Chris Ofili, "The Holy Virgin Mary" (detail)

Back in 2004, I had an email exchange with The New York Post’s conservative columnist Arnold Alhert over Michael Moore’s film Fahrenheit 9/11. In his column, he imagined a conservative film response that would include footage of burned American’s bodies hanging from a bridge in Fallujah, Iraq. To anyone who had seen the film, there was an obvious issue with the article: this footage WAS in Moore’s film. Naming his hypothetical film “What They Don’t Want You to See” (or some such), Alhert gave away a simple truth (which he never denied when asked about it): he had never SEEN Moore’s documentary.

Is this an exception? Hardly.

The latest example is the faux outrage over artist David Wojnarowicz’s video, “Fire In My Belly,” displayed in the National Portrait Gallery of The Smithsonian. (See the video in my previous post.) While the exhibit received only a single complaint since the show was mounted in the beginning of November; Republican lawmakers John Boehner and Eric Cantor effectively got the Smithsonian to censor itself by repeating a Catholic League claim that a short segment of the film was “hate speech” directed at Christians. It was also clear that they had never seen the piece. This was confirmed in later reporting.

Why was this obvious?

The video also features male nudity and a graphic depiction of masterbation. One would think that a conservative group attempting to draw attention to supposedly “offensive” material would use the CONTENT of the piece against itself. This is next to impossible if you are too lazy to actually review the material.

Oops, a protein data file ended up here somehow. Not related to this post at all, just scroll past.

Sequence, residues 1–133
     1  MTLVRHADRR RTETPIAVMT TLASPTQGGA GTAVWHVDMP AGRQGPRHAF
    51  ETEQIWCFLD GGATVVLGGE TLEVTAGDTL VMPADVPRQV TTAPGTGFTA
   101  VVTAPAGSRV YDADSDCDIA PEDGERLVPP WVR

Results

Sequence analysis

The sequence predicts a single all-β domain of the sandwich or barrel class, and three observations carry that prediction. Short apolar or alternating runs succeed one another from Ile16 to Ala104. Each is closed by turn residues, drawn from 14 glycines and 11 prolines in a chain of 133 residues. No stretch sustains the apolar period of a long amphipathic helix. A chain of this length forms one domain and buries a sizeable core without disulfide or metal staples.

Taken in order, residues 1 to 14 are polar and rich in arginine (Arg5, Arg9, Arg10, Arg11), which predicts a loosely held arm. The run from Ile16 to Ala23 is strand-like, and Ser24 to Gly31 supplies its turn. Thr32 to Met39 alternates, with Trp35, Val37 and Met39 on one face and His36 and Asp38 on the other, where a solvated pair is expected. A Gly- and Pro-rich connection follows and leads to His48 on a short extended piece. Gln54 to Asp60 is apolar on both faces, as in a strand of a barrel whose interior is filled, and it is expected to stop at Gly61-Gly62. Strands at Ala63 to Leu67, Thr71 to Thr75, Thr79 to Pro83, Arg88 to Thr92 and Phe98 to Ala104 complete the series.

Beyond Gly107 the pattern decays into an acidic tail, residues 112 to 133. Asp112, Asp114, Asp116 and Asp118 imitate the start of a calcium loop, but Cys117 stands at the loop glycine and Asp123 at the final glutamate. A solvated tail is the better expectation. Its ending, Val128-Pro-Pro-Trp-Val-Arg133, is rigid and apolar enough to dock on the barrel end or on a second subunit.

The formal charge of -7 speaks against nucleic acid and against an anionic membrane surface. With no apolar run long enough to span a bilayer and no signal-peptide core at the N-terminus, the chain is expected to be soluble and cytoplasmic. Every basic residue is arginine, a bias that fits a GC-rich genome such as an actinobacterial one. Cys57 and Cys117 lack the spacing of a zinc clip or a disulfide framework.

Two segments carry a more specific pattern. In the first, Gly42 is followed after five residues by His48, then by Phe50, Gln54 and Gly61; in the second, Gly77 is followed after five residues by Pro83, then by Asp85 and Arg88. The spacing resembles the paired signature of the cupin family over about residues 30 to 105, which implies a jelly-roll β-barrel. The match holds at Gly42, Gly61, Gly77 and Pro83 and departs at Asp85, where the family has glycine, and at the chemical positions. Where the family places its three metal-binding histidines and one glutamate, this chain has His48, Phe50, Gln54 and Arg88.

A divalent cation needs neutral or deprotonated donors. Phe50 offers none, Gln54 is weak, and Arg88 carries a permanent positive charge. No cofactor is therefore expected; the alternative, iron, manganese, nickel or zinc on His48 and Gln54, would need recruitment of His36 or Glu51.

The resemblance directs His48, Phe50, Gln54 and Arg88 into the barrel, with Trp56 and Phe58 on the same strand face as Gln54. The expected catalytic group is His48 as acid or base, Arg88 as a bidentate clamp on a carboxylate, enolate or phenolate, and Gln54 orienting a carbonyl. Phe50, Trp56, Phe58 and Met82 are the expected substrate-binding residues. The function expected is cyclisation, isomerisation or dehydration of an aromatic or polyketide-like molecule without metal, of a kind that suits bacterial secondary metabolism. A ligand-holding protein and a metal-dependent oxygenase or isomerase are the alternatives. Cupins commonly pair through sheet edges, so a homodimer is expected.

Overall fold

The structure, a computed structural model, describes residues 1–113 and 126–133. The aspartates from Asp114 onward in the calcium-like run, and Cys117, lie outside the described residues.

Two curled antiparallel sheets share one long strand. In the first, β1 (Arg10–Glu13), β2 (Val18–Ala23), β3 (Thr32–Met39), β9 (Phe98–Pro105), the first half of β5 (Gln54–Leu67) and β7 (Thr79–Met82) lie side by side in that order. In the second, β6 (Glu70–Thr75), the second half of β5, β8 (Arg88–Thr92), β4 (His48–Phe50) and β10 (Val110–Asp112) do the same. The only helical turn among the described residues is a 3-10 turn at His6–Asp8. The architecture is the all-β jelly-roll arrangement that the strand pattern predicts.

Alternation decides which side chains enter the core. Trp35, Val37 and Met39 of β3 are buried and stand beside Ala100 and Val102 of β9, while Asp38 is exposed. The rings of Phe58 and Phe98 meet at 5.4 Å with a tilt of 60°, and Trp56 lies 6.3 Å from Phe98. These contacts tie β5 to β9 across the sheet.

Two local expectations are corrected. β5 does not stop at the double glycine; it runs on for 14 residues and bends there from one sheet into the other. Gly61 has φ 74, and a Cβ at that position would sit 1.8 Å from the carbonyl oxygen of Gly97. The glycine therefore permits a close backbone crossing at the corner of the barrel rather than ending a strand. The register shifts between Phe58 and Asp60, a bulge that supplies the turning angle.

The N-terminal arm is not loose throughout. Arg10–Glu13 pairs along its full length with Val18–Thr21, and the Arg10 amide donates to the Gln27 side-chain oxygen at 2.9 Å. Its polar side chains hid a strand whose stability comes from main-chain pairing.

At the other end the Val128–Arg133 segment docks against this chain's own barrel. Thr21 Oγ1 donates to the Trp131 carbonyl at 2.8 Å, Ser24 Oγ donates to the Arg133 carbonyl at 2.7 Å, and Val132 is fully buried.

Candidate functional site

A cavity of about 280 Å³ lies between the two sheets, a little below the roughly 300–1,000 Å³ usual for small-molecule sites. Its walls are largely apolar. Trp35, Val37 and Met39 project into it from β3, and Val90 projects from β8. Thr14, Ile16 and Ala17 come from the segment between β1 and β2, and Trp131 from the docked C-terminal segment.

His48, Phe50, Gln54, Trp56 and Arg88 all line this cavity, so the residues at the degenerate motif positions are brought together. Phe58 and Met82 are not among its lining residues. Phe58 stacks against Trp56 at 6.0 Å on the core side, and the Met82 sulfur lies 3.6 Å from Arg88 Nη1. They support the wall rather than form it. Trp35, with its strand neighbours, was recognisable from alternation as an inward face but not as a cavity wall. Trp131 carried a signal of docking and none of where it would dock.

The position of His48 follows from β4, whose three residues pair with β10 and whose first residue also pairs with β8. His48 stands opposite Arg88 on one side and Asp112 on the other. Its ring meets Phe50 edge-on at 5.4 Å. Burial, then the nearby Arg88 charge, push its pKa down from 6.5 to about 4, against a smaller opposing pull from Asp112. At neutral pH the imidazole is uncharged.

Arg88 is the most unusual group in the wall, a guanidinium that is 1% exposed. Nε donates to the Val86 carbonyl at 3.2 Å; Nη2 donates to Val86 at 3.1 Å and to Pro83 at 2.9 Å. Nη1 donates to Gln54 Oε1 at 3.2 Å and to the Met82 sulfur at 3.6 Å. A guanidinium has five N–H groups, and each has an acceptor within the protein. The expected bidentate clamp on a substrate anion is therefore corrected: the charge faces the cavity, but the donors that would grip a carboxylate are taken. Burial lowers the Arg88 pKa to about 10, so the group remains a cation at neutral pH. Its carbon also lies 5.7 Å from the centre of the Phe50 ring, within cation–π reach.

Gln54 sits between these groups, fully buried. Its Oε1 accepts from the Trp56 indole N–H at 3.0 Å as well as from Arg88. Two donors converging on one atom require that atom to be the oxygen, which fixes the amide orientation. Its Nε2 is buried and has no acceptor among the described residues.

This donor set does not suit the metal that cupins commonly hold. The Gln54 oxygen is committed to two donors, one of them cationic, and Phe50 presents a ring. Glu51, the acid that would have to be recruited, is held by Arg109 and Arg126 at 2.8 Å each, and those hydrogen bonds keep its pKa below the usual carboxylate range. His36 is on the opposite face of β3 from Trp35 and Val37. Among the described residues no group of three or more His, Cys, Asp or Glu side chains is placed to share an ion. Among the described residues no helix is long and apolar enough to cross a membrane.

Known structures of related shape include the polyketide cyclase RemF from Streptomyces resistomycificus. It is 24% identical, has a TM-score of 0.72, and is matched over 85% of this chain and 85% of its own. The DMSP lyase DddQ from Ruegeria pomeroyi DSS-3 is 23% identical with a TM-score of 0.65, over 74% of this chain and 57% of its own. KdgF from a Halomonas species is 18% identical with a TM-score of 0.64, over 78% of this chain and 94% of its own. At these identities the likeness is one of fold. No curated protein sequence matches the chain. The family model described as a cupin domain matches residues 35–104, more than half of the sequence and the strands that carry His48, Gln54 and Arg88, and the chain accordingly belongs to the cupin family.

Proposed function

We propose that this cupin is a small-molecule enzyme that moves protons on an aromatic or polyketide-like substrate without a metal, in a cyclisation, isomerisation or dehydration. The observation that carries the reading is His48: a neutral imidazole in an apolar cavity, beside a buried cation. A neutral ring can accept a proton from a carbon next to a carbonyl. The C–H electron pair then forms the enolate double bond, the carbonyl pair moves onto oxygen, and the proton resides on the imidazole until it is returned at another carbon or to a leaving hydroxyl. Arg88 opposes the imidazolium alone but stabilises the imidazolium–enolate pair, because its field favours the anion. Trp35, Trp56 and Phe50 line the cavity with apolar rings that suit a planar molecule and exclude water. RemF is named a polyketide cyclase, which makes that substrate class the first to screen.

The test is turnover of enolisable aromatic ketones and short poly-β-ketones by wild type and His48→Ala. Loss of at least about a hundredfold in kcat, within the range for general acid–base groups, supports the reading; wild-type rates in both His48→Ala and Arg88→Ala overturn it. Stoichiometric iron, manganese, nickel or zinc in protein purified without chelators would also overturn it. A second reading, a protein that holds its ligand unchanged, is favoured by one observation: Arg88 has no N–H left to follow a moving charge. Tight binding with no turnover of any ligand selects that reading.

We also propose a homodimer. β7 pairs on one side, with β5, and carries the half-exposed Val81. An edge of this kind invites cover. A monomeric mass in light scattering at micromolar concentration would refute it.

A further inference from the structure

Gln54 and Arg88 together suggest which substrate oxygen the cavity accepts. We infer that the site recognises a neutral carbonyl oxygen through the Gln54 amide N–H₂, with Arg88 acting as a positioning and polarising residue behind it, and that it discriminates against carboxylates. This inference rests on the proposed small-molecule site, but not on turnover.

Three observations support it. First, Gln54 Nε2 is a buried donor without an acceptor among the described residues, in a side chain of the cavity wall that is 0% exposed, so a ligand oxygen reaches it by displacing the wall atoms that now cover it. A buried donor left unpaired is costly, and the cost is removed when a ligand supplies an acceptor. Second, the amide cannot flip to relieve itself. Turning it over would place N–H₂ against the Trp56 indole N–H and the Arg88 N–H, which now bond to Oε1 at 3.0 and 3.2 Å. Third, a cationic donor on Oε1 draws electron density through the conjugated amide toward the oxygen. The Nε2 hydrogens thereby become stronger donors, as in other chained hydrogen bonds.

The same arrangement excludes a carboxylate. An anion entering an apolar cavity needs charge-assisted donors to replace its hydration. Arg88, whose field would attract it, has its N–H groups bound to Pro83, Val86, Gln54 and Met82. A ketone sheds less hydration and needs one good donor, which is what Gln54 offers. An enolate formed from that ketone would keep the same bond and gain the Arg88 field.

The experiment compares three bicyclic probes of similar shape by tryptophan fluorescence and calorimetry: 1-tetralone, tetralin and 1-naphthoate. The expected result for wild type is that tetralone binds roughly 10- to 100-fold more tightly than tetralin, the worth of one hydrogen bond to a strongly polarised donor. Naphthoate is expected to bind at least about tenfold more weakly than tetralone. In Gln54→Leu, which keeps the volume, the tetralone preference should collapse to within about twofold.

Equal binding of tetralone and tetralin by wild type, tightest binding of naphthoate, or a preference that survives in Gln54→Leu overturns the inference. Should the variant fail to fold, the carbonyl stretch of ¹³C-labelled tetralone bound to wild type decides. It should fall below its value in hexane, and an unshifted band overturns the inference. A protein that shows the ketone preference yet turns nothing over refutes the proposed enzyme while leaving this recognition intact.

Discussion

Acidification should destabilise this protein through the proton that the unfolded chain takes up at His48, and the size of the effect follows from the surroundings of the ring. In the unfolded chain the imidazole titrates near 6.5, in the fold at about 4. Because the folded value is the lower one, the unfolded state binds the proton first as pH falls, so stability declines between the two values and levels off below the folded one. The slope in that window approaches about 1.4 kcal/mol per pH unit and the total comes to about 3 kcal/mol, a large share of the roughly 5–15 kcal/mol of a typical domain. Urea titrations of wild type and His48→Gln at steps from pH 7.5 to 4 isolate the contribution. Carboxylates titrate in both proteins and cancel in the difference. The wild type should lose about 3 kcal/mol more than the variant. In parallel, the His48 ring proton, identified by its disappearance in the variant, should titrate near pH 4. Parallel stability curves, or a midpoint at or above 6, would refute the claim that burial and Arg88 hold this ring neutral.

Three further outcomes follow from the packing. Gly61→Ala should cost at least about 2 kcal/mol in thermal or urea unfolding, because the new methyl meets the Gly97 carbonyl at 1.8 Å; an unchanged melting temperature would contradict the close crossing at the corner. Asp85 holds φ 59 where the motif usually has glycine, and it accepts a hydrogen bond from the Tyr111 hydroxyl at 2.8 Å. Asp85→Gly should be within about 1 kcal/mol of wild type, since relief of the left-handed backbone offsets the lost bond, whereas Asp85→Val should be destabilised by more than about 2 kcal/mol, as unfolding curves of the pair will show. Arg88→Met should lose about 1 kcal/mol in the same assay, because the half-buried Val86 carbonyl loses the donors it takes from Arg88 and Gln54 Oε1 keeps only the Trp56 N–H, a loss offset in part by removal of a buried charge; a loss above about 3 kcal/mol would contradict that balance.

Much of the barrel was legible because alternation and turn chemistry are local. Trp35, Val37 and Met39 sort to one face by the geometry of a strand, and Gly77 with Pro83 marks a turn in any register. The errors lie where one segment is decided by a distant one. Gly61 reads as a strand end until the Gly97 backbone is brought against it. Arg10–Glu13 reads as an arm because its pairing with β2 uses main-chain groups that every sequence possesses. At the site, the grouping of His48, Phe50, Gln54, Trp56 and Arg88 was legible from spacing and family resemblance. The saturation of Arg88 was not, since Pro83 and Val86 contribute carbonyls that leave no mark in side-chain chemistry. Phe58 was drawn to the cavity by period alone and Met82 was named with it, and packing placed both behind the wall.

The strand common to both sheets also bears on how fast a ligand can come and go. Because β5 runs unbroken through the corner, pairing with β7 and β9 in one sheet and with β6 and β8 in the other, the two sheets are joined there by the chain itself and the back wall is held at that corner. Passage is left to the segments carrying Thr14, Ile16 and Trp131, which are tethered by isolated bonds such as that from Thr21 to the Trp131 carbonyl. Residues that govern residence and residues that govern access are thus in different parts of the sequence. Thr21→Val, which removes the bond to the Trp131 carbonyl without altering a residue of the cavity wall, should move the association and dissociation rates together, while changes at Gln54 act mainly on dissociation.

This also serves the purpose of keeping people who support your cause in the dark about both the content and context of what they are complaining about.

It is worth noting that early reporting of the controversy on Fox News and conservative web sites like Big Hollywood failed to mention the name of the artist or of the piece. Why risk people making up their own minds about how offensive the art is after an easy Google search? And why research The Catholic League’s claims when you are simply re-posting their talking points?

I was amused by a similar blind spot when Rudy Giuliani protested the elephant-dung infused Chris Ofili painting “The Holy Virgin Mary” as blasphemous (another controversy originally orchestrated by The Catholic League).

All of the press on this discussed the talking point that the artist used elephant dung to thicken the paint (very common in African art), while completely missing that the entire surface of the painting was festooned with a collage of pornographic magazine images of female genitalia. You’d think this might help them make their case. But of course, this would involve actually looking at the art.